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Monet’s ‘Haystacks’ sells for $110.7M, setting an auction record

Written by Jack Guy, CNN

A painting from Claude Monet’s “Haystacks” series has sold for $110.7 million, making it the most expensive Impressionist artwork ever to be bought at auction, according to Sotheby’s in New York.

It took six bidders just eight minutes to reach a record-breaking sum for the oil painting, which went to an anonymous bidder Tuesday.

The 1890 painting is widely regarded as the best of Monet’s “Meules” (Haystacks) series, the auction house said. Only four artworks from the 25-strong series have appeared at auction this century, and just eight remain in private hands.

The painting becomes the ninth most expensive ever to sell at auction.

The painting becomes the ninth most expensive ever to sell at auction. Credit: Courtesy Sotheby’s via AP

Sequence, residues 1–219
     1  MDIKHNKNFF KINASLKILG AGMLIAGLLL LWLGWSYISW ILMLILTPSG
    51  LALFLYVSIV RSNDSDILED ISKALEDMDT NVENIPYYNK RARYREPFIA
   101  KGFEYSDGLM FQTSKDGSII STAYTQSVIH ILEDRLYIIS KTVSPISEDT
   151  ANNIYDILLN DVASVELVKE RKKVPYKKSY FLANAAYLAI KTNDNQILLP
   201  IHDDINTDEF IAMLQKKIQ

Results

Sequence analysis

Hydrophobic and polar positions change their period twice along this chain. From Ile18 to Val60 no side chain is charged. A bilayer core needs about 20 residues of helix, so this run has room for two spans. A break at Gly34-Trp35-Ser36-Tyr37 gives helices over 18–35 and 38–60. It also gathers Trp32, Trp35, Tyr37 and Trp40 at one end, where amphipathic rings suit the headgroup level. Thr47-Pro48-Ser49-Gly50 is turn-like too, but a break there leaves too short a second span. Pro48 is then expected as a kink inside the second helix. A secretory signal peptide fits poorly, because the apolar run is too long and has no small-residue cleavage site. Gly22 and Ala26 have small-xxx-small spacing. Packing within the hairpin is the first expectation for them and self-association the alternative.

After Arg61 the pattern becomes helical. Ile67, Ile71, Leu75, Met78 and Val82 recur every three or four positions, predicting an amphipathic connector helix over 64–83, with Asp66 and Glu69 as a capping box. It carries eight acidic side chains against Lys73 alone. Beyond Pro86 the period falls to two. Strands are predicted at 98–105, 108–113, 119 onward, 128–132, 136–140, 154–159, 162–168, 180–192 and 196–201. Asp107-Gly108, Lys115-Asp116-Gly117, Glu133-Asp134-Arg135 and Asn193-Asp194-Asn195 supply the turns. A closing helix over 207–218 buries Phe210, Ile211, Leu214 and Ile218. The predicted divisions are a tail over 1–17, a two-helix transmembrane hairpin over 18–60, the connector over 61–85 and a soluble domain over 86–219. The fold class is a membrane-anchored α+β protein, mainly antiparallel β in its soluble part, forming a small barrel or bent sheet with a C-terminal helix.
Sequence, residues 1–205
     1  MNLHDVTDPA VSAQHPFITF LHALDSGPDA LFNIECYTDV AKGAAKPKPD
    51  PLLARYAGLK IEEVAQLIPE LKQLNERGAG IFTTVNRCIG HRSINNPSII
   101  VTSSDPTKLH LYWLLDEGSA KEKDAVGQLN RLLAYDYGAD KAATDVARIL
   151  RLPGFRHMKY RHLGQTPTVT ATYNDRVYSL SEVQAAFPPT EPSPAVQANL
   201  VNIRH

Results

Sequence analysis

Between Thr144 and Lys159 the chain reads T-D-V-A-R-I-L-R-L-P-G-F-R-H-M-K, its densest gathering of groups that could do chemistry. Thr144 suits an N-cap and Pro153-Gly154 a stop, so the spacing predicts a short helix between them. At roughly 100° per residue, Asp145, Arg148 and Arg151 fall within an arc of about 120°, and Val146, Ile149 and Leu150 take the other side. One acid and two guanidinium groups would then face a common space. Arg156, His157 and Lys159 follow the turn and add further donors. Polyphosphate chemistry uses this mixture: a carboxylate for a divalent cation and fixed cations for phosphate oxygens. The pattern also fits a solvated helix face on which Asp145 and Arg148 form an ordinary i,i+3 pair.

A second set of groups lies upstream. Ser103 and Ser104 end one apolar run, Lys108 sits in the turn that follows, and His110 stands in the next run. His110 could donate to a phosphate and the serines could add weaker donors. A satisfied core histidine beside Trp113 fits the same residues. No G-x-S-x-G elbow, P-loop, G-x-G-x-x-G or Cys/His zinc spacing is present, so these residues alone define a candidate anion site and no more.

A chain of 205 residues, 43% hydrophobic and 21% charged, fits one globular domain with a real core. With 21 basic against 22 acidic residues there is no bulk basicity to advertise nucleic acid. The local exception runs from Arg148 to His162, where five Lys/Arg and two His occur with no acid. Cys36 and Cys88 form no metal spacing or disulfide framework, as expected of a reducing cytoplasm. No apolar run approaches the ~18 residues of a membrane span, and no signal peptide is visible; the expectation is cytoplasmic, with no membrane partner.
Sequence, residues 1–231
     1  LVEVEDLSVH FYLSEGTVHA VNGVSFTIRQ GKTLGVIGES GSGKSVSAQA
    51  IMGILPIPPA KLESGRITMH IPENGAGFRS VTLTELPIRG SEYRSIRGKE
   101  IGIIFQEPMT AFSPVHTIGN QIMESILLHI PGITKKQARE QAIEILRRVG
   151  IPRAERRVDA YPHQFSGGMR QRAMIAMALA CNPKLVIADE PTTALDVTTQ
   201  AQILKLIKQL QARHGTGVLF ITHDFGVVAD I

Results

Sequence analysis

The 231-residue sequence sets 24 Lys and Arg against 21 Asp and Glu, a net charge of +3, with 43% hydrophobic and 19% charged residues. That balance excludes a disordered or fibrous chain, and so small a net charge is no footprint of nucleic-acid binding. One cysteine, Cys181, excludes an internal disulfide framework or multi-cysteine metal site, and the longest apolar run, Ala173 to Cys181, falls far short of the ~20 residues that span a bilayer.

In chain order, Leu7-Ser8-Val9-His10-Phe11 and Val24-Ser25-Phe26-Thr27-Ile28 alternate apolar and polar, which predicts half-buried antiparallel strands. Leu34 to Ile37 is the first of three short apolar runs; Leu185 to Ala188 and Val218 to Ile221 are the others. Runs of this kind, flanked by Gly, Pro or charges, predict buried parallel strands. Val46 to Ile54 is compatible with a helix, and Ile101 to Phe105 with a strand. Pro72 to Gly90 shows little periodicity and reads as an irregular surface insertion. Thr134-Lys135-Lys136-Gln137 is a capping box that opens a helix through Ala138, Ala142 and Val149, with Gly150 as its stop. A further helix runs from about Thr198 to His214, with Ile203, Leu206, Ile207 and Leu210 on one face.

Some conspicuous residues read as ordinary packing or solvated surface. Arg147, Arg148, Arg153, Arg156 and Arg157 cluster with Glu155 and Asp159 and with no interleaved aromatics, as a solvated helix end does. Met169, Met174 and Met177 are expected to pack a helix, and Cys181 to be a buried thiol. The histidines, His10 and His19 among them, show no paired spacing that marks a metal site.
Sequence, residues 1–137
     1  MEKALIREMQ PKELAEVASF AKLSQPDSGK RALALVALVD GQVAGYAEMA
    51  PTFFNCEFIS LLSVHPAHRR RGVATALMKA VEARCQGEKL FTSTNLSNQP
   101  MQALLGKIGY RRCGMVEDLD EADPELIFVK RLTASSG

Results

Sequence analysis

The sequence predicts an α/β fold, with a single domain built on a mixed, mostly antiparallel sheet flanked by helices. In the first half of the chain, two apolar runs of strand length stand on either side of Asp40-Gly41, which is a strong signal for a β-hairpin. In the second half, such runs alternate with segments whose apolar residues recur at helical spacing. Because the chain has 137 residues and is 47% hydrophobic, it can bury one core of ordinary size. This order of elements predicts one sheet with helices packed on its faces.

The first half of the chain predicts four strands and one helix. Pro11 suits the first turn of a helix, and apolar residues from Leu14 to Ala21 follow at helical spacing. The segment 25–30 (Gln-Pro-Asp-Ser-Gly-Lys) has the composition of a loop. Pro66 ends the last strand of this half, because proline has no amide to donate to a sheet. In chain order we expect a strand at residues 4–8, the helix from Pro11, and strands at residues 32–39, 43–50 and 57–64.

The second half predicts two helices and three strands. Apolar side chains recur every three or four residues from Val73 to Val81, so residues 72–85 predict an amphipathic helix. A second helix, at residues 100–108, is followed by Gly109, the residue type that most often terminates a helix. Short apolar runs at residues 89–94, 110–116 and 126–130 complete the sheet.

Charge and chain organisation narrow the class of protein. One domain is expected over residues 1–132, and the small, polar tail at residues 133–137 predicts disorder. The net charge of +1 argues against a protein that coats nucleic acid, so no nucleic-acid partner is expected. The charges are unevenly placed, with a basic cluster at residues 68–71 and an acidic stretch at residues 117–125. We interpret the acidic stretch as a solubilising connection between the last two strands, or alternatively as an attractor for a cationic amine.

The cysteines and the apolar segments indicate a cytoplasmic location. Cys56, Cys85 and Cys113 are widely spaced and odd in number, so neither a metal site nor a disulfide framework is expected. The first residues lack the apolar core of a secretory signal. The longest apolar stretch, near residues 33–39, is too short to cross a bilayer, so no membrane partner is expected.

“One of the most recognizable images in art history, Monet’s ‘Haystacks’ series has long served as an inspiration to countless artists since its creation in the early 1890s,” said the auction house’s head of Impressionist and modern art, August Uribe, in a press release.

While the hammer price — the highest bid — came in just under $100 million, the addition of a buyer’s premium — the fee charged by auction houses — took the final price to $110.7 million.

Why is art so expensive?

The painting’s previous owner paid the relatively small sum of $2.5 million for the artwork in 1986, 44 times lower than Tuesday’s sale price.

It is now the ninth most expensive painting ever to be sold at auction, a list currently topped by Leonardo da Vinci’s “Salvator Mundi,” which went for $450 million at Christie’s in New York in 2017.

Pablo Picasso’s “Les femmes d’Alger (Version ‘O’)” held the previous auction record, having sold for $179.4 million in 2015. And the sale of Edvard Munch’s “The Scream” for $119.9 million in 2012 marked more than a new art record at the time: It was the first time that a work in pastels, rather than oil or acrylic, had come close to achieving such a price.

This article originally appeared here